|Perl: the Markov chain saw|
Comment onby gods
|on Feb 11, 2000 at 00:06 UTC||Need Help??|
I don't think there are going to be any easy answers to your situation, so I'll just throw out a few tidbits that might be of some use.
I have a 21-month old boy and another one on the way in a month. Which makes me wonder how old your child/children are. Because "having a family" means entirely different things depending on whether you mean "I have two children below the age of two" or "I have a teenage son who I think I remember seeing stepping out of his room a week or two ago". If it's closer to the first, then you're absolutely crazy, and the only think I can say is "go ahead and do it all, but don't forget to give the dancing kangaroo a new top hat before you climb into the purple iguana's trailer home. And please, please don't set the weasel on fire again."
I'd like to point out that learning Perl and getting a BS in CS are not terribly complementary. Academic types have a particular view of things, and in that view, the strengths of Perl are too practical to be relevant to them but the weaknesses strike right in the areas they feel religious certainty about. I'd be afraid to even admit using Perl to many of my teachers. For your eventual career, Perl is very useful, but it's not going to help you get a degree in CS.
Let me amend that: knowing one language reasonably well will help, because you'll get a general understanding for how things work and how to get things done. You'll also have a way to experiment with the things you're learning. But Perl in particular is not a great one to pick, because it's not going to be the language that your classes use, and your sense of what is easy vs hard is going to be skewed from a CS point of view. Perl is actually better than many of the languages commonly used in academia (Java, I'm looking at you), because it requires you to know more about the underlying system rather than hiding as much as possible so "you don't have to worry about it", but it would still make it easier on you to learn the language that your classes will use (unfortunately, that probably means Java) so that more of it will carry over. If you could learn C or C++, they'd actually teach you even more about how things really work and what to care about, and picking up the necessary level of Java is easy after learning either of those two, but they do take more time and effort to get a handle on.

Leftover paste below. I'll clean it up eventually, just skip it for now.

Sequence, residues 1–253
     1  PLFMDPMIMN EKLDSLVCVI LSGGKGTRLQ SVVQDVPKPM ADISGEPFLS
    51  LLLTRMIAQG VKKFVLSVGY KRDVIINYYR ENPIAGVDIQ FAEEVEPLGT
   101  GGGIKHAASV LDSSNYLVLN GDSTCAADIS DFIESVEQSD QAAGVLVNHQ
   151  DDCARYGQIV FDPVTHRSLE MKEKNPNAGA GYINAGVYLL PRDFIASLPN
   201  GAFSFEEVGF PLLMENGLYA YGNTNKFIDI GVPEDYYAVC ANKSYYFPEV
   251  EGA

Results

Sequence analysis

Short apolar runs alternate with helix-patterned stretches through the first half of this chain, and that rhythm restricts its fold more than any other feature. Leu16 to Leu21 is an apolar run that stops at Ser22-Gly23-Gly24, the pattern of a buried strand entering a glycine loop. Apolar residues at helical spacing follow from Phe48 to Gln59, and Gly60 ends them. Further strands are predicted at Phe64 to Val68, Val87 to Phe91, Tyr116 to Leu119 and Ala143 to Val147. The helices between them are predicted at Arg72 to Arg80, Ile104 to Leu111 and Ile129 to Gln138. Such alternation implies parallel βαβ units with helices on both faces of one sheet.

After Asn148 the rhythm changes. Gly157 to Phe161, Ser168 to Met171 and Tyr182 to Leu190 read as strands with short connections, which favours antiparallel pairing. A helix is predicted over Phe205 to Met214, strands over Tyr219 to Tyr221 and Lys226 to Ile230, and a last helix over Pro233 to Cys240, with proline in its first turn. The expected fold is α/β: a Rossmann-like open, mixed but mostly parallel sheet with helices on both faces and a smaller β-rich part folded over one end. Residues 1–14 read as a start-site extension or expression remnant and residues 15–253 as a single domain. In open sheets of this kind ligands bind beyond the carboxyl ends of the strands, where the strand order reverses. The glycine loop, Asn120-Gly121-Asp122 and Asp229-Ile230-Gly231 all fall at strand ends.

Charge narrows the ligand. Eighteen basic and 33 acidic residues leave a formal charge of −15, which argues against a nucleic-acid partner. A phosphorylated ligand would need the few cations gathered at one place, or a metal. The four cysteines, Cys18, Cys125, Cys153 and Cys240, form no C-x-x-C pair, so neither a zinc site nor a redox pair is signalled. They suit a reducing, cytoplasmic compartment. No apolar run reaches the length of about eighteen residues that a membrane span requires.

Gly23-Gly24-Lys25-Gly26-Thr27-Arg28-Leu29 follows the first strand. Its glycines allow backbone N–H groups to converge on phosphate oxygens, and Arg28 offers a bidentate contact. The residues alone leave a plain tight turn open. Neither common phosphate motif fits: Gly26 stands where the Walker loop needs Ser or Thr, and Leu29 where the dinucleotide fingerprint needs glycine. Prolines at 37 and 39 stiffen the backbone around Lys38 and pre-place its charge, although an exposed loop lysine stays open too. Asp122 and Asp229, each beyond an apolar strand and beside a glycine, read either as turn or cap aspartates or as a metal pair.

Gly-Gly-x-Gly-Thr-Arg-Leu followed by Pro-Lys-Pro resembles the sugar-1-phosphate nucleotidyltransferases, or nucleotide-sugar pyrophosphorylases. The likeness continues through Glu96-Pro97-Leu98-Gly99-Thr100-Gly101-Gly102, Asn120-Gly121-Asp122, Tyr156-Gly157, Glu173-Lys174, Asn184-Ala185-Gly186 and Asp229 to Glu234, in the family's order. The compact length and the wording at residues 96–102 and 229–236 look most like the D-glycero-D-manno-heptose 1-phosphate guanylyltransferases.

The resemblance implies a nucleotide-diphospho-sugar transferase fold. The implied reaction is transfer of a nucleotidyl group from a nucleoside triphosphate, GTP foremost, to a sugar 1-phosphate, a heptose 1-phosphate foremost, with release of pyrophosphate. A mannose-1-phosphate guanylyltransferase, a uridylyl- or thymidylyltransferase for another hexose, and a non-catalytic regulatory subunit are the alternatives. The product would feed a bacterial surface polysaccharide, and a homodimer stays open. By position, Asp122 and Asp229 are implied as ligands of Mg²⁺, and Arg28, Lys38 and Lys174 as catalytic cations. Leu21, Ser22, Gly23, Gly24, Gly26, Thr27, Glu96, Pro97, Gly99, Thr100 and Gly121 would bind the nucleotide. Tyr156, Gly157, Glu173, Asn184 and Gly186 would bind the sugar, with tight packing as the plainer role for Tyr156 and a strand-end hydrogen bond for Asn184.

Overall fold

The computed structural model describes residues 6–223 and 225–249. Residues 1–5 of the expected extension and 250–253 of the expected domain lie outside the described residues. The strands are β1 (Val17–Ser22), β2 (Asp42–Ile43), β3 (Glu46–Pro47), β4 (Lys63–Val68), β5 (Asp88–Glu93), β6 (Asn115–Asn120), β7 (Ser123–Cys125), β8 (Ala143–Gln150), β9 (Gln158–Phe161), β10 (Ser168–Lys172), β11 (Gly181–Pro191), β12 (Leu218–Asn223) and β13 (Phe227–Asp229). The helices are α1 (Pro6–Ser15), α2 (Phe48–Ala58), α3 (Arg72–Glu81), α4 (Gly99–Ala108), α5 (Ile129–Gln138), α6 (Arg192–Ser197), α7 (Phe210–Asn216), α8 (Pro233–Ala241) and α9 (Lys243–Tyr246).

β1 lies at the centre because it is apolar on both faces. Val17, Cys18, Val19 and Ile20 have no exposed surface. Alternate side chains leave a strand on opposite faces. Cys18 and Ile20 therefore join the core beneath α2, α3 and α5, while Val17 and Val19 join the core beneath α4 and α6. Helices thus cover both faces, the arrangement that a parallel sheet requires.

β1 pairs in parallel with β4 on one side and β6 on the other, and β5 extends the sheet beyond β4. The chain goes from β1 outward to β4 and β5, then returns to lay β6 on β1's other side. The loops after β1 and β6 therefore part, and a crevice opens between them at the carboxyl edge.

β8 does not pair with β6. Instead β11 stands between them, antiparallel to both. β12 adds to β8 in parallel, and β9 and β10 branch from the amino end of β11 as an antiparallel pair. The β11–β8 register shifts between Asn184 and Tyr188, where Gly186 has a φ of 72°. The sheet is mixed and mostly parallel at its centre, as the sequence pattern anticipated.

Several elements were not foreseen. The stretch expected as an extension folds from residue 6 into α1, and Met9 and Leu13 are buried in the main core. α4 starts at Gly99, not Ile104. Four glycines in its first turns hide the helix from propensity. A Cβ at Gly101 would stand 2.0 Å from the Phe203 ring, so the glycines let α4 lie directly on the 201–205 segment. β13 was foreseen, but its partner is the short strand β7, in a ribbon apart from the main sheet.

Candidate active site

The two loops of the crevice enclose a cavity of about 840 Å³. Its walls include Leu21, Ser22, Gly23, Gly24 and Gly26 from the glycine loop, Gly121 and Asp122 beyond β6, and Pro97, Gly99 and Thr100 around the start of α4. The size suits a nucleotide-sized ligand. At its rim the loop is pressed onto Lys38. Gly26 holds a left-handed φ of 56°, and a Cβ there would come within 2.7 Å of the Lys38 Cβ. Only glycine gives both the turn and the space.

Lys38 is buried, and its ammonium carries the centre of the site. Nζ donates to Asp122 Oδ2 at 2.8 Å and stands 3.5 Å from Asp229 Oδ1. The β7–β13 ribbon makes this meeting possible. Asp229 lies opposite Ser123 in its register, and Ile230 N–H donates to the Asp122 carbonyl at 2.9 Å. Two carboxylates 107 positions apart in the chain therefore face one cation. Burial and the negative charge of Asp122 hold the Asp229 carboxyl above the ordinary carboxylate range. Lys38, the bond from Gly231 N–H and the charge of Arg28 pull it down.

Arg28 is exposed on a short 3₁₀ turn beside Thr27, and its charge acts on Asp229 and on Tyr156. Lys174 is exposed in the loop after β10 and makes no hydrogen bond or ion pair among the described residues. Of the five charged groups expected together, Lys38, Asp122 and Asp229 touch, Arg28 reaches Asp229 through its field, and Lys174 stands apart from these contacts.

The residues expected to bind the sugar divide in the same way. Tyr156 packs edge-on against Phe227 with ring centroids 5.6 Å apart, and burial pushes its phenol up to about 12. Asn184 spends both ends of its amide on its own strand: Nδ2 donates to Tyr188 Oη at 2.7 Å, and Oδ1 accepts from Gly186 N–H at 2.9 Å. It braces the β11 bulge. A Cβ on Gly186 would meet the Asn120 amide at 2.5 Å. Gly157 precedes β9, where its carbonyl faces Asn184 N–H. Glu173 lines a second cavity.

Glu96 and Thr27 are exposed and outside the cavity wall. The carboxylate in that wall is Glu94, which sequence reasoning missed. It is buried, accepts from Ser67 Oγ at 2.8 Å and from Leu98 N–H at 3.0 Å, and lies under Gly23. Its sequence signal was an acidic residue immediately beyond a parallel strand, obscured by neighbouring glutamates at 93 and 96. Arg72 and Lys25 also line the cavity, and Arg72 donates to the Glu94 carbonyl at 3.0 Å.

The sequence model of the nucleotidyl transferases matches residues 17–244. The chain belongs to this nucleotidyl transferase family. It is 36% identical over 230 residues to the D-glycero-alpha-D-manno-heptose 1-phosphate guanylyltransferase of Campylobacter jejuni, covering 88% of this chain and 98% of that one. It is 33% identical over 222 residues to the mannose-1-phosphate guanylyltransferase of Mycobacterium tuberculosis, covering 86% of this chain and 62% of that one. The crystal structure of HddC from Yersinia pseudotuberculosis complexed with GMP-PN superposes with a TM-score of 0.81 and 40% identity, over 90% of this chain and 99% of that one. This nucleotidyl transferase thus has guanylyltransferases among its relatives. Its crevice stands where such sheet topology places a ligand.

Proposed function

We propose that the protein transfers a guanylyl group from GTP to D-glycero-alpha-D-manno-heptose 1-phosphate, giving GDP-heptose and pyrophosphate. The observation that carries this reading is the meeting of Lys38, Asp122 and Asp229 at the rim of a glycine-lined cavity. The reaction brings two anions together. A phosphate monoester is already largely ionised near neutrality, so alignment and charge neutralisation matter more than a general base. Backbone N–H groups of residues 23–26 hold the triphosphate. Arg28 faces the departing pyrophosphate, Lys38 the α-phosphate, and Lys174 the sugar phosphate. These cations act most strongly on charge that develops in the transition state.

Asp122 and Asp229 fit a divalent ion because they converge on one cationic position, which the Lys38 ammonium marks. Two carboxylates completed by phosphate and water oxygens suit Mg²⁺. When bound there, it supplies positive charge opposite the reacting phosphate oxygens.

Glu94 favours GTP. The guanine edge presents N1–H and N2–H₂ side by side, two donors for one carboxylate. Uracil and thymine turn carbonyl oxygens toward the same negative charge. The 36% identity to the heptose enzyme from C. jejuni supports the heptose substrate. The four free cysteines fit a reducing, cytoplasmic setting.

I have an MS in CS, by the way, but I had that plus a fair amount of experience before starting the family. Much easier that way. But I'm sure you're aware of that already.
On the other hand, loving what you're doing is always a better teacher than anything else, and Perl is way more fun than most other languages, so if it's working for you I wouldn't stop it. Also, people who both know a decent amount of CS theory and can get practical stuff done (as you will if you gain a decent grasp of Perl) are enormously valuable. The practical bit unfortunately probably won't come through on a resume, so you'll still have to beg for your first job, but it makes you way more effective in actually getting your job done. And that'll matter in the end.
Programming is not really something you can pick up a little piece at a time, half an hour a day. Knowing the pieces doesn't help until you figure out how to fit them together. You need concentrated bursts of time, but you can get away with a fair amount of time passing in between those bursts. (You'll pretty quickly get a feel for how long a gap is too long. If you stare at what you wrote the last time and have no clue what it's about or what you were thinking, then it's been too long.)
Studying isn't like that. As you said, it's something you need to do daily. So I'm not convinced that whatever life restructuring you do right now will carry over to when your classes start. For now, I would guess it would make more sense to take turns -- you get the figurative basement for a few days, then your husband gets it, etc. While working towards your degree, you may have to split it up by time of day.
Finally, my condolences on marrying a computer geek. Having both of a couple be geeks is a scary situation. I should know; I did the same damn thing.
In reply to Re: Structured Learning of Perl, Important or Not?